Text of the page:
We never did get to return to the hospital to volunteer in a health care capacity; however, I decided to do something about supporting FAME as I had wanted to do back in 2014. So that is why we have decided to choose FAME as our charity for 2019.
FAME advances patient-centered care for the rural communities of northern Tanzania. This is an area of Tanzania that has long been underserved and under-resourced in terms of health care. Tanzania has one of the highest maternal mortality rates in the world and many Tanzanians die of easily treatable diseases.
The average person in Tanzania earns less than $2 per day. FAME seeks to be able to treat anyone and operates on a sliding scale fee structure, where patients pay what they can. The costs for reduced rate and free care is subsidized by a combination of donations, grants, and higher fees for patients who can afford services (e.g., insured Tanzanians, expatriates, tourists).
The organization relies heavily on donations and grants for its funding to provide equitable, high-quality healthcare to the people of the Karatu district and beyond.
FAME has grown slowly and steadily from its humble beginnings in the back of a truck. In, 2005 the mobile clinics began, in 2008 the outpatient clinic opened, in 2012 the FAME Hospital opened to accept inpatients, and Labor & Delivery opened in 2014. A 24-bed Maternity Center opened in 2019.
In addition to providing much needed medical treatment, the hospital also helps the local area by providing jobs, training, and volunteer opportunities. FAME currently employs 148 Tanzanian staff members.
You can read about the main services provided by FAME below:
- Outpatient Healthcare Services – The outpatient clinic opened in 2008 and provides comprehensive primary care services to the local population as well as to many others throughout northern Tanzania. In 2018, there were over 26,000 outpatient visits.
- Inpatient Care – The hospital opened in 2012 and includes a 14-bed inpatient ward, a 24-bed maternity center, two delivery rooms, an emergency room, a night clinic, and two operating rooms.
- Surgery – FAME has been conducting surgical procedures since 2014. The surgery program at FAME has continued to grow as more staff have been trained and more equipment has become available, and this area is expected to continue to grow.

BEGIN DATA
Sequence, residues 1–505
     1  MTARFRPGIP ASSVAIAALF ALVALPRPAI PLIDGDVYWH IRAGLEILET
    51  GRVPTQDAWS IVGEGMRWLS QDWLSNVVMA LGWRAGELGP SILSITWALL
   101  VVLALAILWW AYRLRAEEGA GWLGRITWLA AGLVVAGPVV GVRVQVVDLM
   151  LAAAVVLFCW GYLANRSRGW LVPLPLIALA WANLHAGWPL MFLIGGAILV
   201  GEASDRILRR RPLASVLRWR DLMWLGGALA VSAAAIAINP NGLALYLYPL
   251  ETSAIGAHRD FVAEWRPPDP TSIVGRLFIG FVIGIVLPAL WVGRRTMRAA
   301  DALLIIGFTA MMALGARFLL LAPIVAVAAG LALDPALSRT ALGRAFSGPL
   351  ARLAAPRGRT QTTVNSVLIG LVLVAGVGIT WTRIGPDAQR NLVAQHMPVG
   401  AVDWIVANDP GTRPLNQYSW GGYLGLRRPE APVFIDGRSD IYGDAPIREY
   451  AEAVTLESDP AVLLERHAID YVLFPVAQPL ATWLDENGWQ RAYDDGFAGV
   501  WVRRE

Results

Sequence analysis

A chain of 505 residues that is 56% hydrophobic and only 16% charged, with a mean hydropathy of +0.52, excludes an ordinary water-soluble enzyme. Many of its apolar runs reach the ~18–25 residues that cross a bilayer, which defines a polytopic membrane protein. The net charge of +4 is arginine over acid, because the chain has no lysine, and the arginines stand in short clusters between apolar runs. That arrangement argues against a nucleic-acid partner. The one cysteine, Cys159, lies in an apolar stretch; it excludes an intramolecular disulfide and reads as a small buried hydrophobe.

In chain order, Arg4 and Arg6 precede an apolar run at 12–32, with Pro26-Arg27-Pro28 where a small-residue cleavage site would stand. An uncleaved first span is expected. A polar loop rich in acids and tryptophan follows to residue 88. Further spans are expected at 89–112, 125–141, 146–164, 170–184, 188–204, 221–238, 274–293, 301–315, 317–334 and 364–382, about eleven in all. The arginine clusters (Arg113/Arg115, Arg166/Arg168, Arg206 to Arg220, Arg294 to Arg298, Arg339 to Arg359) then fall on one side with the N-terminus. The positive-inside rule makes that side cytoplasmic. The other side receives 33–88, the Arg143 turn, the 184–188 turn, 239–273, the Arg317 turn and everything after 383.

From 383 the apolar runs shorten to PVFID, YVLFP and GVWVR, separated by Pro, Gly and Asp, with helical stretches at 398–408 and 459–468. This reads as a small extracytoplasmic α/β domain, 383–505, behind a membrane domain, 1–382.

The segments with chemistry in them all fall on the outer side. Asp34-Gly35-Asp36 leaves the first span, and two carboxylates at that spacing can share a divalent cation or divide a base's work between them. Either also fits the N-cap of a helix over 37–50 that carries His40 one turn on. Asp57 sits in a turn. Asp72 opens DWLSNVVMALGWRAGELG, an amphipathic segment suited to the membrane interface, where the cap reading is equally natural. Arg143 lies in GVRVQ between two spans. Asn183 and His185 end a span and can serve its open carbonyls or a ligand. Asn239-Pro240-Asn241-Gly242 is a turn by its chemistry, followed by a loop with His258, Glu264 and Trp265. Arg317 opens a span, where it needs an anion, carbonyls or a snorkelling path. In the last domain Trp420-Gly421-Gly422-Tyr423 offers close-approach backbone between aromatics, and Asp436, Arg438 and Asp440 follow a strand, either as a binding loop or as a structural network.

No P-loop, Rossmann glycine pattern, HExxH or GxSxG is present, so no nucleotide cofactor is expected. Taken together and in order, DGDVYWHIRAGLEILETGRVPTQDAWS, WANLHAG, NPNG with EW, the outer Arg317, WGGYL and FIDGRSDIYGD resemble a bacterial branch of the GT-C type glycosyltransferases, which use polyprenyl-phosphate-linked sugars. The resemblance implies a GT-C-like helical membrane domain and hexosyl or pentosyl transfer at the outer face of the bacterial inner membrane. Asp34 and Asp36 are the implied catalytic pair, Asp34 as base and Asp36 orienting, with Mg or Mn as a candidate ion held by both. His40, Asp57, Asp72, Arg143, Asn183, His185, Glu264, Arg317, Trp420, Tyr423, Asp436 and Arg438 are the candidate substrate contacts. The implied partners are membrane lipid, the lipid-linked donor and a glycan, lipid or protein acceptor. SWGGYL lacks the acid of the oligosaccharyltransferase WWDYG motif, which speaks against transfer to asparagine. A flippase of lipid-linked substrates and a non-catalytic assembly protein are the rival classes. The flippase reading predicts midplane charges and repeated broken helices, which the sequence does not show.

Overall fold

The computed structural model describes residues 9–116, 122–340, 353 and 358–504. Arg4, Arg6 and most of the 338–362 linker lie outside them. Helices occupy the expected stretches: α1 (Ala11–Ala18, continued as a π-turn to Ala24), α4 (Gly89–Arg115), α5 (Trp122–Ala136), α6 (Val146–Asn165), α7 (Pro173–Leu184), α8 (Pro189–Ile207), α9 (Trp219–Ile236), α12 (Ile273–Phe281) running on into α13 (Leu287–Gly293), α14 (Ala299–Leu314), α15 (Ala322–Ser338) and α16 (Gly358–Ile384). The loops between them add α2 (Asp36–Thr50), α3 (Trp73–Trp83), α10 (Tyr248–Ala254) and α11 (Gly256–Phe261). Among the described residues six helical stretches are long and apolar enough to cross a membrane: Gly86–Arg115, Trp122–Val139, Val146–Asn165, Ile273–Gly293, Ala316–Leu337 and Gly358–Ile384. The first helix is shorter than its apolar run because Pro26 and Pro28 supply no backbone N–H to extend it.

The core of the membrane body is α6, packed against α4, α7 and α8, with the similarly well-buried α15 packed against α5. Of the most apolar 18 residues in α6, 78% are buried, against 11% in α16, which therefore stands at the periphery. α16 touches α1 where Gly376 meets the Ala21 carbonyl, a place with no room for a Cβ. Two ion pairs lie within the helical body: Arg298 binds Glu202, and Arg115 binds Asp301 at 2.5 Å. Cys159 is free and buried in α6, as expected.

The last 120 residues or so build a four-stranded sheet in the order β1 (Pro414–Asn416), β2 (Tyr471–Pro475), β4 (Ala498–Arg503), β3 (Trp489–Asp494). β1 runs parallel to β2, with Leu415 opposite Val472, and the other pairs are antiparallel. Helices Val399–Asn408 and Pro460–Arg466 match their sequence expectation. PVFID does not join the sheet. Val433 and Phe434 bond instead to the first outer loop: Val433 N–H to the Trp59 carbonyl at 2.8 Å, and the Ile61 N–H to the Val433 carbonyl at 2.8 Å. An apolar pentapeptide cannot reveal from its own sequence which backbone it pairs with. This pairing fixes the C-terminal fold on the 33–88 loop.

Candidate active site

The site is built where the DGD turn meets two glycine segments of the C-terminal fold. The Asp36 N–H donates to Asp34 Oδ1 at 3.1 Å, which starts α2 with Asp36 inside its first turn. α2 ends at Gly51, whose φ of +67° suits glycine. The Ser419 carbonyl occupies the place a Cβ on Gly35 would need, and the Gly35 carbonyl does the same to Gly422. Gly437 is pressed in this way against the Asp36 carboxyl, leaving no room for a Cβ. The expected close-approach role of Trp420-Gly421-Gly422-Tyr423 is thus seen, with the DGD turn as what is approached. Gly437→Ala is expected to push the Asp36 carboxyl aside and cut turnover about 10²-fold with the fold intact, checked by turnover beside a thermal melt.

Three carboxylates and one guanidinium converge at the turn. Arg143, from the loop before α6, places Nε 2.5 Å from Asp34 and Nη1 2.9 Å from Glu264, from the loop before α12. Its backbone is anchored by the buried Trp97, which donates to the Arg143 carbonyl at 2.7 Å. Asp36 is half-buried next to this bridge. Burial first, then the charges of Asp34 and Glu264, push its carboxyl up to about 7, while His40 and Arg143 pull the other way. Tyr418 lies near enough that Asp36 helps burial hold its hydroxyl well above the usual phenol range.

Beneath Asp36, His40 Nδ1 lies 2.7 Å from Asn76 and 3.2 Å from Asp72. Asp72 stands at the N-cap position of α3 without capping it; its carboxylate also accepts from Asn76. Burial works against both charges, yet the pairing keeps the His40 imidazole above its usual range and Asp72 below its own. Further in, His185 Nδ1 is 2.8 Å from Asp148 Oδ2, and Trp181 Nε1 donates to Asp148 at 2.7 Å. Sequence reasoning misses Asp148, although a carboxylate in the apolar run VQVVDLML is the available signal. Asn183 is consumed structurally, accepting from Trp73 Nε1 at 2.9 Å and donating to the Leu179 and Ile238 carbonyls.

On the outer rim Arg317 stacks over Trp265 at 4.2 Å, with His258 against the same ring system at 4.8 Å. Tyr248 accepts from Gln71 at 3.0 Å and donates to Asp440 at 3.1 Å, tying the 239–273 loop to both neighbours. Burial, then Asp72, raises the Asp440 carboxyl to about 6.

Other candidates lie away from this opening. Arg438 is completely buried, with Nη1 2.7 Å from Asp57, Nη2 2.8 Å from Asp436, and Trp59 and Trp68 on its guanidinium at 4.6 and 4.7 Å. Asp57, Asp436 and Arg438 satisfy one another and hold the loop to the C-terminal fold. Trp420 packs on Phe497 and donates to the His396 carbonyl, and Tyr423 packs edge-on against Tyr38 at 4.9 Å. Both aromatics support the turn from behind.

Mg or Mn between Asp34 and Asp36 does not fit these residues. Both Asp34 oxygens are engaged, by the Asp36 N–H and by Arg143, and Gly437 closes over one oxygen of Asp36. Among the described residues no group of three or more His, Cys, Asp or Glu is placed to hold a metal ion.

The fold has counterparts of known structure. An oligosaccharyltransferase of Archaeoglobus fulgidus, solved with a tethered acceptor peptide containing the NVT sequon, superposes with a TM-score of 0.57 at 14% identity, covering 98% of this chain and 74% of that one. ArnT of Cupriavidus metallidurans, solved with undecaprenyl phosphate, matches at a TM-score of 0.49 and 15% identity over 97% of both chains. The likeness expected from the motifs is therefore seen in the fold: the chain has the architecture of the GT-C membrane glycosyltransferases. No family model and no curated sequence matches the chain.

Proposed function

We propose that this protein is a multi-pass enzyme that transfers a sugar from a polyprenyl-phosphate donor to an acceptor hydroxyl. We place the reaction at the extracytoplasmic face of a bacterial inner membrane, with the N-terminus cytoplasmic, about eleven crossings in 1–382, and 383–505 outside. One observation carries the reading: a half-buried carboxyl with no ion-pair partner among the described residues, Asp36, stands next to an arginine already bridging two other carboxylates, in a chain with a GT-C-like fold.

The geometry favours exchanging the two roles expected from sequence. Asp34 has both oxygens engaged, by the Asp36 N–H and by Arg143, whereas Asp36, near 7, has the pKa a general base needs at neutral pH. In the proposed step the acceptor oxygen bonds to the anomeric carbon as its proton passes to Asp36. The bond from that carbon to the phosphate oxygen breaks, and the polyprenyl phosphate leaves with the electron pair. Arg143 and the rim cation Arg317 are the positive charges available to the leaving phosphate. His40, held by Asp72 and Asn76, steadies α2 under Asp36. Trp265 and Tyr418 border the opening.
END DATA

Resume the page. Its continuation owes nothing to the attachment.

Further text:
- Lab & Diagnostic Services – The hospital has its own laboratory, x-ray machine, and CT scanner to be able to provide quick and efficient diagnostic health services to its patients.
- Maternal & Child Health – FAME offers comprehensive maternal and child health services, including family planning classes, a prenatal program, labor and delivery, newborn care, and a child vaccination program. It also serves as a referral destination for high-risk pregnancies and opened a new 24-bed Maternity Center in 2019.
- Community Outreach – FAME does local outreach, such as working with traditional birth attendants and providing specialty health clinics in the Karatu district.
- Education & Continuing Education – FAME takes a four-pronged approach to continuing education, including a rigorous on-campus training program, an overseas medical volunteer program, an online specialty consulting program, and a selective scholarship program for FAME employees.
We’re excited to watch as FAME continues to expand its services and facilities to be able to reach more people in northern Tanzania!
By supporting our blogs, you are also indirectly supporting the charities that we support. You can read more about how you can support us (you’re likely doing it without knowing it!).
If you have any questions about the charities we support or have recommendations for charities you think we may be interested in supporting in the future, feel free to contact us.